Authors: Laura Smith*, University of Tennessee
Topics: Applied Geography, Climatology and Meteorology, Environmental Science
Keywords: Dendrochronology, dendroclimatology, hydroclimate reconstructions, eastern red cedar
Session Type: Paper
Start / End Time: 8:00 AM / 9:40 AM
Room: Marshall East, Marriott, Mezzanine Level
Presentation File: No File Uploaded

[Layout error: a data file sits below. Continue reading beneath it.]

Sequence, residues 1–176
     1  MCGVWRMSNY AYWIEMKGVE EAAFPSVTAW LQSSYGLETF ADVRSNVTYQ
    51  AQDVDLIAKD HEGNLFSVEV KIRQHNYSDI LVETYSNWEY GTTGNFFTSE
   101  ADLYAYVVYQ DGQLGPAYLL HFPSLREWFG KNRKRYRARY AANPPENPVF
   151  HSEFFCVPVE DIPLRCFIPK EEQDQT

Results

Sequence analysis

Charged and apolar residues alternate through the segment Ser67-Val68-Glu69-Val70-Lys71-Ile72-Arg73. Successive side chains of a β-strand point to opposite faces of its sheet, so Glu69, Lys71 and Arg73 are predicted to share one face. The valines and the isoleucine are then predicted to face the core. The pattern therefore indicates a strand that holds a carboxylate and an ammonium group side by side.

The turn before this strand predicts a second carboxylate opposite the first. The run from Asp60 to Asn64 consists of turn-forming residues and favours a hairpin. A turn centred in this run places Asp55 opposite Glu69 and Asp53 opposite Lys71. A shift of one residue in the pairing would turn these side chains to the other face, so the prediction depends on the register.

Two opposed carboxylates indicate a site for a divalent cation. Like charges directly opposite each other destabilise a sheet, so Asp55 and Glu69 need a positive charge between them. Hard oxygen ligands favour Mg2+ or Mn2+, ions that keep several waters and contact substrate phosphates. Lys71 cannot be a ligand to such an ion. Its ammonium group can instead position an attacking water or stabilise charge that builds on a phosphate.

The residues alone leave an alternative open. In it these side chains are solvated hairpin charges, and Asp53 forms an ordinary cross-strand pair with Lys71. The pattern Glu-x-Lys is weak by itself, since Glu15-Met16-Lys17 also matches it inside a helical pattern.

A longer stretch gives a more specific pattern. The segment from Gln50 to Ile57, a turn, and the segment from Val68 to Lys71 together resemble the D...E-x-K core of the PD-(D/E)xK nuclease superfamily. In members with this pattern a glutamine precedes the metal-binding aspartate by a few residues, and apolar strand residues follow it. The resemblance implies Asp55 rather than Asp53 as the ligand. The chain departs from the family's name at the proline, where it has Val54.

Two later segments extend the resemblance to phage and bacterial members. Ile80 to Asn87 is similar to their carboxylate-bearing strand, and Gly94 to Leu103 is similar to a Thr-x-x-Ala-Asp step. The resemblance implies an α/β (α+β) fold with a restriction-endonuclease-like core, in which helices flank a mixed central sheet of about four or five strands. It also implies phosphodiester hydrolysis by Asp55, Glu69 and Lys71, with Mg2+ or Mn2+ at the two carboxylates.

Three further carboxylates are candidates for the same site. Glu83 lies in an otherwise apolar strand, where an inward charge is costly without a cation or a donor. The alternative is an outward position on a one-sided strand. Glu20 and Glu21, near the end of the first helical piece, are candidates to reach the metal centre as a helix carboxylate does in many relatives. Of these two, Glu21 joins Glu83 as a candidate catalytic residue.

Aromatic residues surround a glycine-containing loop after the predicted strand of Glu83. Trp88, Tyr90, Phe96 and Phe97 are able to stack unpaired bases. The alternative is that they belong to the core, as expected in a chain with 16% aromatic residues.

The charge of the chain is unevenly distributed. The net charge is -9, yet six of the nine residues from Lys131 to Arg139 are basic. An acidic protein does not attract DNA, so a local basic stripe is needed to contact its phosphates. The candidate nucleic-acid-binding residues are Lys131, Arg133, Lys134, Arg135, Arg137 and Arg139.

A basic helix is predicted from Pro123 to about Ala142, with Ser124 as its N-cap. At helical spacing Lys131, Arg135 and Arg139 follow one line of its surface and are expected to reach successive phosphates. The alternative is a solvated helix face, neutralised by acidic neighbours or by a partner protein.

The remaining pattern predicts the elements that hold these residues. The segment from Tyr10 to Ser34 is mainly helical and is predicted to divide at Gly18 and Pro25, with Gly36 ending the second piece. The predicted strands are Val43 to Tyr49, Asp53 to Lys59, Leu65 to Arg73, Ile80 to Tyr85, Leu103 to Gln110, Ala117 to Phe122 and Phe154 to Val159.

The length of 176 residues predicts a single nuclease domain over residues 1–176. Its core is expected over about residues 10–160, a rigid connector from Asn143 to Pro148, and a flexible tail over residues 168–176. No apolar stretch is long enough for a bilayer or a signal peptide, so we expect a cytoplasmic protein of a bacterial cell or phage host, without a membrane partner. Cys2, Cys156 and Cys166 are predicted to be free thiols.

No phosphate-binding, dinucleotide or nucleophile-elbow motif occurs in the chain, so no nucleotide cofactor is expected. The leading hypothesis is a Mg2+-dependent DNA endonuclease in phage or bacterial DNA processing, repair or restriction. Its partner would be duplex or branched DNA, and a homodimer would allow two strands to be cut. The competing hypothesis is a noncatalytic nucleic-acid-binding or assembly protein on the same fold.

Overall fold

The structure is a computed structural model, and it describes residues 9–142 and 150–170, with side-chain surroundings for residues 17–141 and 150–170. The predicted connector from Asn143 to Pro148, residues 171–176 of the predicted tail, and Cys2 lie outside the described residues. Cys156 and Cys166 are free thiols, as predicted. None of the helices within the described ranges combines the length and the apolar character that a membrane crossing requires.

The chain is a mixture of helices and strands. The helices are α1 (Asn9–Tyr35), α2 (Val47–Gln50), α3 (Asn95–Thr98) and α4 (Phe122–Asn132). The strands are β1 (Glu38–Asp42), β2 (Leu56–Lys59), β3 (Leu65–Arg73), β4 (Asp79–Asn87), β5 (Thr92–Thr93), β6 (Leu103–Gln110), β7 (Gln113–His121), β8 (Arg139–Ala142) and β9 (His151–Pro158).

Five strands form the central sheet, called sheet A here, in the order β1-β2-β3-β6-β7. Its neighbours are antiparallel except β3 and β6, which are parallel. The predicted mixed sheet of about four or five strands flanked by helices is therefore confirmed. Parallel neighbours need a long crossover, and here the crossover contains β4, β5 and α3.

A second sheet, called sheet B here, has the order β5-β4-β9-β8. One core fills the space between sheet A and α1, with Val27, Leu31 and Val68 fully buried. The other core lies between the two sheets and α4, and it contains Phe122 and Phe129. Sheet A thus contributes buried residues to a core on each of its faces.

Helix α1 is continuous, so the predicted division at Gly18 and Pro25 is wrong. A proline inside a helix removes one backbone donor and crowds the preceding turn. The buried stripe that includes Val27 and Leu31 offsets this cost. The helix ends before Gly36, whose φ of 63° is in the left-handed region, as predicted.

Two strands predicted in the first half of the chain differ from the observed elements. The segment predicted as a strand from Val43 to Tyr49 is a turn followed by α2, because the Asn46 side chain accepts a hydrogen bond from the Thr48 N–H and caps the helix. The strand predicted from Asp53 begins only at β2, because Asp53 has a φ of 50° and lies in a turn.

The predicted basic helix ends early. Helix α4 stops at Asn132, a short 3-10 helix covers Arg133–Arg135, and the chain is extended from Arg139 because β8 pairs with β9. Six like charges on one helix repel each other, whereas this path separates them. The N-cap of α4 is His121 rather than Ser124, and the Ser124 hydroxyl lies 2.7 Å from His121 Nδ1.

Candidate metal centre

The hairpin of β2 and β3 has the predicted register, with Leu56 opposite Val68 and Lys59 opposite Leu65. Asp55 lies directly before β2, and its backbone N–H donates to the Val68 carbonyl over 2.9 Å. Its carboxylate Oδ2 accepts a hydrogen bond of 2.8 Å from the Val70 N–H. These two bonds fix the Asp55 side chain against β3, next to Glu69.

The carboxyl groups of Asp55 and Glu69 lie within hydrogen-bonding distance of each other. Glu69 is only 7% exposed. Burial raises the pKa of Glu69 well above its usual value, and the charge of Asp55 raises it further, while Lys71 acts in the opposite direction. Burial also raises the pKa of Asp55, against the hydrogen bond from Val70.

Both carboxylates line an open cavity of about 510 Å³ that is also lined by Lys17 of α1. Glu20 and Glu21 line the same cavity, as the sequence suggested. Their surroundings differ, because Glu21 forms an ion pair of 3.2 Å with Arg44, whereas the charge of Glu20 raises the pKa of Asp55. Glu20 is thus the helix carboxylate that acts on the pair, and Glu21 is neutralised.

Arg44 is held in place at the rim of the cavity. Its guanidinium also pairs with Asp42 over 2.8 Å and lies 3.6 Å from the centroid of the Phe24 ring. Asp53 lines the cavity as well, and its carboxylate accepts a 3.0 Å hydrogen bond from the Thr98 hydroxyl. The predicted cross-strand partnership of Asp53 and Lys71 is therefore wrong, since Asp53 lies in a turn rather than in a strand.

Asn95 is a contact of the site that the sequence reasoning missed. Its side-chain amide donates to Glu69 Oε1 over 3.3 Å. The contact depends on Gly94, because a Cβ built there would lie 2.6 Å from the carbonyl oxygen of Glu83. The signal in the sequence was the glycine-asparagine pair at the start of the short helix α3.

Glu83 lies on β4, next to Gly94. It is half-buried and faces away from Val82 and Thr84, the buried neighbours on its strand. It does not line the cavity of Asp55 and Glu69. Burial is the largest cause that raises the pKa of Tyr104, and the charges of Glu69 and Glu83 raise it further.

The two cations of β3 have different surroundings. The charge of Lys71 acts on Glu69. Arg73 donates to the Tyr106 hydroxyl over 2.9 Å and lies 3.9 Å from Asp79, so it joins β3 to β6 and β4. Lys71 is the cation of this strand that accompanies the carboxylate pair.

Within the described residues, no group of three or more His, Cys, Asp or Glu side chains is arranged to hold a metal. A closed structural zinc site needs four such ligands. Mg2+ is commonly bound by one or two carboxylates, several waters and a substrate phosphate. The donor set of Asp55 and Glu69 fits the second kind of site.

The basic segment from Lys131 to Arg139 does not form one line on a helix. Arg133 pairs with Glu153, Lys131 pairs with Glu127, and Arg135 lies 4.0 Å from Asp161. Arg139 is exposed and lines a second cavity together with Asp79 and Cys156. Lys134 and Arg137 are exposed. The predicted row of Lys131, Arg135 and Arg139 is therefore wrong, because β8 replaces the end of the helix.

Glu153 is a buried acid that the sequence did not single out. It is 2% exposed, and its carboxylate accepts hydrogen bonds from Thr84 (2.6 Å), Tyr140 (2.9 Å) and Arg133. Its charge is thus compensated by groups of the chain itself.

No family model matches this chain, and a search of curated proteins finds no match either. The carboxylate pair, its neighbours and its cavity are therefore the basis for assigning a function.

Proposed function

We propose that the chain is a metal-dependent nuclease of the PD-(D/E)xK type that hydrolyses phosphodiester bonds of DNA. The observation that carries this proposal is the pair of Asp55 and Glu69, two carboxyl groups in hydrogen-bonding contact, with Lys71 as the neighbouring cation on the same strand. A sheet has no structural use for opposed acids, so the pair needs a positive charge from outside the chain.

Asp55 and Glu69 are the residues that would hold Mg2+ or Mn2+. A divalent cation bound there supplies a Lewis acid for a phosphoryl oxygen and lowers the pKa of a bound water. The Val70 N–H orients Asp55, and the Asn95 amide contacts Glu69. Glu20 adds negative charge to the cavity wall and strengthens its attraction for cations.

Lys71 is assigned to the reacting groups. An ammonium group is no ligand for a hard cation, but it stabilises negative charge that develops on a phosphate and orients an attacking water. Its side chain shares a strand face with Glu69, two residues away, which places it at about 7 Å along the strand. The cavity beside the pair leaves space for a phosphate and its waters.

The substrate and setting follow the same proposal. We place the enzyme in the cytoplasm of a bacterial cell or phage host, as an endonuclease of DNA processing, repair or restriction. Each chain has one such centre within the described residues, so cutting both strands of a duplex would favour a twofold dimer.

In the early and mid-1930s as part of a large-scale effort to introduce tree-ring analysis to the southeastern United States, Florence Hawley (University of Chicago) in association with the Tennessee Valley Authority (TVA), William Webb (University of Kentucky) and other collaborators, collected wood samples of various species from living trees and from Native American archaeological sites that would later be inundated by the Norris Reservoir in eastern Tennessee. One subset of samples, the eastern red cedars (Juniperus virginiana), was thought to be especially promising for long chronologies and archaeology but was problematic for dating due to false and micro-rings. Since that time, advances in techniques and technologies allow dendrochronologists to measure tree rings with more precision and to more clearly elucidate micro-structures that aid in the identification of false rings. A subset of Dr. Hawley’s red cedar samples was recently cross-dated and analyzed for climate response. These data contribute to a multi-species precipitation reconstruction in east Tennessee that spans from AD 1380-1990. The reconstructed precipitation data will be used with inflow models to assess drought vulnerability at multiple locations within the TVA management area under various potential drought scenarios.